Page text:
Like (presumably) everyone, I’ve had Shazam on my iPhone for years and it’s occasionally identified some background music that’s annoying me with “… oh, who is that, I’m sure I’ve heard it before …”; I look at the result, am always impressed / amazed how it did it so quickly and even with all the other noise, and that’s about it. A few times I’ve followed through and purchased the track, but mostly it’s enough to know the name.
Today, reading this article about Shazam made me wonder if my App has a history list – and of course it does. Like the author, going back only to 2012, which must be when Shazam made some major tracking change to their App.
Looking at the list, I couldn’t see any way to do more with it – I don’t have a Spotify account like the author; but I wondered if a Shazam website might have similar data.
Going to www.shazam.com, the login link prompted a Facebook connection – I tried that, ensuring first that “can’t post” was selected. But still no data about “me”.
Of course, my Shazam App isn’t logged in via Facebook, so I tried that next. And presto, now the website had a list of all the tracks, along with a download button.
So here, in all it’s obscure glory, is the list of music that I had Shazam identify for me, over the last 2-1/2 years. The original list even has Google Map links for some tracks, so I know where as well as when I heard the music. Amazing!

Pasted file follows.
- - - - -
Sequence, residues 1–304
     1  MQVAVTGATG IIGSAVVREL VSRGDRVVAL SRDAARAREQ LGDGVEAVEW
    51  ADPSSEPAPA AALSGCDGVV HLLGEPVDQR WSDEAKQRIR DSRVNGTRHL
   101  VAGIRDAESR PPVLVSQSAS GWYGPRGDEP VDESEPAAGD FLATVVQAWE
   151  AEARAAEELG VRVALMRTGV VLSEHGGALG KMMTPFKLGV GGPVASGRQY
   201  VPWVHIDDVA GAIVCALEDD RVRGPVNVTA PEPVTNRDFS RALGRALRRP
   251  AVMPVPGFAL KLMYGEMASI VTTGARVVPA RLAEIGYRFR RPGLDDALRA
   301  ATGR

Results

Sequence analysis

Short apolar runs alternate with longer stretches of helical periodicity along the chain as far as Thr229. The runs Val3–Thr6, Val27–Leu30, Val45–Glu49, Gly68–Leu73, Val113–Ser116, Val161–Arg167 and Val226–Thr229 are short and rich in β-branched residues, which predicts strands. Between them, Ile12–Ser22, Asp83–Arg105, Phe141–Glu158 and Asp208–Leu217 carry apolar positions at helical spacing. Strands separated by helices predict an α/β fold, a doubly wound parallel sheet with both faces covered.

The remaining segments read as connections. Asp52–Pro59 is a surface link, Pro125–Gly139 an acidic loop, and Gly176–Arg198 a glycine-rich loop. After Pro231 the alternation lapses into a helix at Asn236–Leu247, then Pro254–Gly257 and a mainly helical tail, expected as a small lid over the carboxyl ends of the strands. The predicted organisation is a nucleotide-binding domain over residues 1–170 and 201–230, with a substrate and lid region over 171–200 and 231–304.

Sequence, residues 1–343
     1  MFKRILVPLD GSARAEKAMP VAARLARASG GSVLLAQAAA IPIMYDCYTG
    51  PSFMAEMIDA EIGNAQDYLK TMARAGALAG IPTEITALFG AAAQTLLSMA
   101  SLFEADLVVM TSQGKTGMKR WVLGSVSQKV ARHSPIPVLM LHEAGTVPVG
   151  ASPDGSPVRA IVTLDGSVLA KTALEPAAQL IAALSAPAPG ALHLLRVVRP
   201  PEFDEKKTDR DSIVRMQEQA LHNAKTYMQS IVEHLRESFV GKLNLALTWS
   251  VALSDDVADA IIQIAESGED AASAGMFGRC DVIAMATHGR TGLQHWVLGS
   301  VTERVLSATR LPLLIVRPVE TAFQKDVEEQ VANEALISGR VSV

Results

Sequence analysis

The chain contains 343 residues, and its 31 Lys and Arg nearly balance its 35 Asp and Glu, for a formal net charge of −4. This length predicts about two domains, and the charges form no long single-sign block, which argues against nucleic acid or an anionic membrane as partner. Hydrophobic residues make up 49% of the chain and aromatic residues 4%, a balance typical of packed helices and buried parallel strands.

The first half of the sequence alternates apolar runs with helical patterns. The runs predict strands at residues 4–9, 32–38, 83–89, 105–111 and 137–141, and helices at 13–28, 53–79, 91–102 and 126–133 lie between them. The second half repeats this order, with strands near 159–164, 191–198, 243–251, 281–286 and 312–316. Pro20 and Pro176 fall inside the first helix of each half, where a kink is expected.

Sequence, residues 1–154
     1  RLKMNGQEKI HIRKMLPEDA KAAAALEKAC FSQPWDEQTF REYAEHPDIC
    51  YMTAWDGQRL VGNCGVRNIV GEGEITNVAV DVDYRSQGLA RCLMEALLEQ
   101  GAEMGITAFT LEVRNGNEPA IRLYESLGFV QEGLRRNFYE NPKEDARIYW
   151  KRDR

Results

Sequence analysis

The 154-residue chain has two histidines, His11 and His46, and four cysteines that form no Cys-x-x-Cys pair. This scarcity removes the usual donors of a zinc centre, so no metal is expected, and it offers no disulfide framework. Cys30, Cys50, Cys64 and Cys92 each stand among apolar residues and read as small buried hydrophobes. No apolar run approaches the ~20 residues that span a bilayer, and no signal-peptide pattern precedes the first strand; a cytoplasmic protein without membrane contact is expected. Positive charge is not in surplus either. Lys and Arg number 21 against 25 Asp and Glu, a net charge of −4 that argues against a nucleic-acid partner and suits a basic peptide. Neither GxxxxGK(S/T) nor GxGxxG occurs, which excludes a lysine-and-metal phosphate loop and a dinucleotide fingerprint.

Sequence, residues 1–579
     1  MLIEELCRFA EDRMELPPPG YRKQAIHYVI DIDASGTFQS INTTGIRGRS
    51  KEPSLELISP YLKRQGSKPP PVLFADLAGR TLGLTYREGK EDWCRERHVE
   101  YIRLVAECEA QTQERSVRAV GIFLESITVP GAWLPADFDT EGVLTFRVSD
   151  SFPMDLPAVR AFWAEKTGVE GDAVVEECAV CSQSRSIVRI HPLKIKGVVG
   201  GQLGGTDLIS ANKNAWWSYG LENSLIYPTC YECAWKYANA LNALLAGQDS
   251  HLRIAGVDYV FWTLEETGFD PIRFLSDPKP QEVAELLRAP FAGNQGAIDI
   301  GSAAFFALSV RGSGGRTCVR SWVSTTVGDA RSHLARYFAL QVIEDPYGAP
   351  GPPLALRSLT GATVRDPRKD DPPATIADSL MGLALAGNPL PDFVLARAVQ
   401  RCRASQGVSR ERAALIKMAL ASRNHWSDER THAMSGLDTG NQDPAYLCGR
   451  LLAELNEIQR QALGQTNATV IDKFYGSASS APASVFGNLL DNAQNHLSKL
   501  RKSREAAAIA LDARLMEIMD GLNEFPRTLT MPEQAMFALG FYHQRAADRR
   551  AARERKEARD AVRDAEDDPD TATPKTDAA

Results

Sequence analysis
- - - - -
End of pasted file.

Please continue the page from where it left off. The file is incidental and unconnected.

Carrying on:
(much easier to read if you click for full-size)
Our customer wants us to adapt our CANbus Display Module to work on this machine. It will be installed in this platform box, connecting to the operator joystick and providing the three buttons and display to replace what’s there already:
We know already that communications between this platform box and the vehicles motor controller uses the CANbus protocol, and a quick overview inside the platform box identifies the electronics that’s currently doing that job:
The bottom connector, just visible in that picture, has the CANbus signals as well as power; there’s also an added on terminator resistor (the little component at the bottom with red and brown stripes), which makes my job really easy!
Since the CANbus protocol is somewhat of a standard, it’s not too tricky to figure out what messages the original electronics are sending – my Agilent oscilloscope can convert the voltages to data so I mostly just figure out how the data changes when I action the platform box controls …
After that, I wire up a new connector to “steal” the vehicles CANbus and power, and adapt it to my CANbus display module bench test unit (I can’t cut or splice any wires, since the vehicle will be returned soon):
It’s just an hour or so of coding and testing to rewrite our standard CANbus messages to duplicate those of the vehicle, and then I’m up and running, able to control the vehicle movements from my bench rig!
My colleagues back in Essex will now build a CANbus display into a second platform box that we’ve been supplied, and once I confirm it’s working fine, we are done.